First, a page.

By stat. 4 G. 4. c. 48., intituled “ An act for enabling courts 4 G. 4. c. 48. to abstain from pronouncing sentence of death in certain capital cases," after reciting $ 1., that whereas it is expedient that in all cases of felony not within the benefit of clergy, except murder, the court before which the offender or offenders shall be convicted shall be authorized to abstain from pronouncing judgment of death, whenever such court shall be of opinion that, under the particular circumstances of any case, the offender or offenders is or are a fit and proper subject or fit and proper subjects to be recommended for the royal mercy: It is enacted, that from and after the pass. Court may ing of this act, whenever any person shall be convicted of any abstain from felony, except murder, and shall by law be excluded the benetit pronouncing of clergy in respect thereof, and the court before which such of

death on perfender shall be convicted shall be of opinion that, under the parti- sons convicted cular circumstances of the case, such offender is a fit and proper of any capital subject to be recommended for the royal mercy, it shall and may felonies, be lawful for such court, if it shall think fit so to do, to direct except murder. the proper officer then being present in court to require and ask, whereupon such officer shall require and ask, if such offender hath or knoweth any thing to say, why judgment of death should not be recorded against such offender; and in case such offender shall not allege any matter or thing sufficient in law to arrest or bar such judgment, the court shall and may, and is hereby authorised to abstain from pronouncing judgment of death upon such offender; and instead of pronouncing such judgment, to order the Record of same to be entered of record, and thereupon such proper officer judgment to as aforesaid shall and may and is hereby authorised to enter judg- have the same

etfect as if proment of death on record against such offender, in the usual and

nounced. accustomed form, and in such and the same manner as is now used, and as if judgment of death had actually been pronounced in open court against such offender, by the court before which such offender shall have been convicted.

2. A record of every such judgment, so entered as aforesaid, shall have the like effect to all intents and purposes, and be followed by all the same consequences, as if such judgment had actually been pronounced in open court, and the offender had been reprieved by the court.

sentence of

Act not to § 3. Nothing herein contained shall extend to that part of the extend to Scot- U. K. called Scotland. land. 3 G. 4. c. 114.

By stat. 3 G. 4. c. 114., intituled “ An act to provide for the Persons con

more effectual punishment of certain offences, by imprisonment victed of the with hard labour;" ý 1. after reciting stat. 53 G. 3. c. 162., and offences herein that it is expedient that the provisions of the said act should be mentioned, may extended to certain aggravated misdemeanors and offences below be sentenced to bard labour.

the degree of felony: it is enacted, that from and after the passing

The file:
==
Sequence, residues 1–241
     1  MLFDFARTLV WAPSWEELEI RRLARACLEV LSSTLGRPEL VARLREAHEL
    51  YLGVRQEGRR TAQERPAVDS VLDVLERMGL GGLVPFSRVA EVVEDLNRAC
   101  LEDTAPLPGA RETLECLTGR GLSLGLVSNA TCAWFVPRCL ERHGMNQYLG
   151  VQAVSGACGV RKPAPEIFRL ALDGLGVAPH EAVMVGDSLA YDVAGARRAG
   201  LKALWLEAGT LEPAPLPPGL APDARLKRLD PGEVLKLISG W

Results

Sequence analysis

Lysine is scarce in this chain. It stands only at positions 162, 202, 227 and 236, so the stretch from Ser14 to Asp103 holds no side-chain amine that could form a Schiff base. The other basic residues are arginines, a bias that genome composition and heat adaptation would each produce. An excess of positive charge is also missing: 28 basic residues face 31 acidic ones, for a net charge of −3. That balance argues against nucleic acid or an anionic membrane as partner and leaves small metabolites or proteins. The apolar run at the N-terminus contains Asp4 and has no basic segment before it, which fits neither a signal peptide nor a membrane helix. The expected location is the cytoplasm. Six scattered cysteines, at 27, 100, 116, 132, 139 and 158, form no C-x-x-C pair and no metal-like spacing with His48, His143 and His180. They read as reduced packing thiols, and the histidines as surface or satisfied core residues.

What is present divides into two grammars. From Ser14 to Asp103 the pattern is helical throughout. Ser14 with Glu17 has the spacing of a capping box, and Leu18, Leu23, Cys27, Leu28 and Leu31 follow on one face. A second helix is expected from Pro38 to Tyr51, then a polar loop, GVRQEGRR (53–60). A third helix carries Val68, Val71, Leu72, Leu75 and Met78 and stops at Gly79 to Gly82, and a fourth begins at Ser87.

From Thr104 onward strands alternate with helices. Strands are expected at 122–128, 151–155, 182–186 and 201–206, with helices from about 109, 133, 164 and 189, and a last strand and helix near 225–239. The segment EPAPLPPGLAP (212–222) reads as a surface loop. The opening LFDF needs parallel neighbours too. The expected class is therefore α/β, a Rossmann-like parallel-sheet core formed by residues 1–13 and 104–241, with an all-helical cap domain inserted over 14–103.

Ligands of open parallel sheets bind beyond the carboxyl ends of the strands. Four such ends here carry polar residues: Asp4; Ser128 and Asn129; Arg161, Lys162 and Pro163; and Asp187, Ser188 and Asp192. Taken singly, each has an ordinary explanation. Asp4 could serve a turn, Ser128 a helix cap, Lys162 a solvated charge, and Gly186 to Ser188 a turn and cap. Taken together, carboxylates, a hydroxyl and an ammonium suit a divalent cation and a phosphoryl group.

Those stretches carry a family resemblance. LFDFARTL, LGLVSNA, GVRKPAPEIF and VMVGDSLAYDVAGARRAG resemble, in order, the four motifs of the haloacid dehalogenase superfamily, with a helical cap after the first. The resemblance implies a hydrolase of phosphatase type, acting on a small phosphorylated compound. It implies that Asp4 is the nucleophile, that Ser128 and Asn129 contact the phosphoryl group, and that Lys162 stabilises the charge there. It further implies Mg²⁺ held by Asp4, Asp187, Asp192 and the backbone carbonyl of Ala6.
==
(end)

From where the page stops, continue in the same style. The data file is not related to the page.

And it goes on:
of this act, whenever any person shall be convicted of any of the
offences hereafter specified and set forth ; that is to say,
; (1.) Any assault with intent to commit felony. (Repealed, but

see infra.)
(2.) Any attempt to commit felony.
(3.) Any riot.
(4.) Any misdemeanor for having received stolen goods, knowing

them to have been stolen. (5.) Any assault upon a peace officer, or upon an officer of the

customs or excise, or upon any other officer of the revenue, in the due discharge and execution of his or their respective duty or duties, or upon any person or persons acting in aid of any such officer or officers in the due discharge and execution of his or their respective duty or duties. (Repealed, but see

infra.) (6.) Any assault committed in pursuance of any conspiracy to raise

the rate of wages. (Repealed, but see 9 G. 4. c. 3+. 25.

infra.) 17.) Being an utterer of counterfeit money, knowing the same to be

counterfeit. (8.) Knowingly and designedly obtaining money, goods, wares,

or merchandizes, bills, bonds, or other securities for money,

by false pretences, with intent to cheat any person of the (9.) Keeping a common gaming-house, a common barody-house, or

a common ill-governed and disorderly house. (10.) Wilful and corrupt perjury, or of subornation of perjury. (11.) Having entered any open or inclosed ground with intent there

illegally to destroy, take, or kill game or rabbits, or with inteni to aid, abet, and assist any person or persons illegally to destroy, take, or kill game or rabbits, and having been there

found at night armed with any offensive weapon. " In each and every of the above cases, and whenever any person shall be convicted of any or either of the aforesaid offences, it shall and may be lawful for the court before which any shall be convicted, or which by law is authorised to pass sentence upon any such offender, to award and order (if such court shall think fit) sentence of imprisonment with hard labour, for any term not exceeding the term for which such court may now imprison for such offences, either in addition to, or in lieu of any other punishment which may be inflicted on any such offenders by any law in force before the passing of this act; and every such offender shall thereupon suffer such sentence, in such place and for such time as aforesaid, as such court shall think fit to

direct." 9G, 4. c. 31. By 9 G. 4. c. 31. § 1., so much of 3 G. 4. c. 114. as relates to any

of the assaults therein mentioned, is repealed.

same.

offender